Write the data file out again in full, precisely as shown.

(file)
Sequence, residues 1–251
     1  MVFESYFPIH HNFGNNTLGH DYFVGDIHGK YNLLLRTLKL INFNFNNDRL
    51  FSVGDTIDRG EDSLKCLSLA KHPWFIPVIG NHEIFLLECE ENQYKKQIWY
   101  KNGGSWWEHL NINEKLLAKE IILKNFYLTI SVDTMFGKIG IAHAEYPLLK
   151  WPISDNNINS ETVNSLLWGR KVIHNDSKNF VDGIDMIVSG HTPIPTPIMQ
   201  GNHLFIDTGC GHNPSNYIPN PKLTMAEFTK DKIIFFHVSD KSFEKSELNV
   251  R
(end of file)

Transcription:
Sequence, residues 1–251
     1  MVFESYFPIH HNFGNNTLGH DYFVGDIHGK YNLLLRTLKL INFNFNNDRL
    51  FSVGDTIDRG EDSLKCLSLA KHPWFIPVIG NHEIFLLECE ENQYKKQIWY
   101  KNGGSWWEHL NINEKLLAKE IILKNFYLTI SVDTMFGKIG IAHAEYPLLK
   151  WPISDNNINS ETVNSLLWGR KVIHNDSKNF VDGIDMIVSG HTPIPTPIMQ
   201  GNHLFIDTGC GHNPSNYIPN PKLTMAEFTK DKIIFFHVSD KSFEKSELNV
   251  R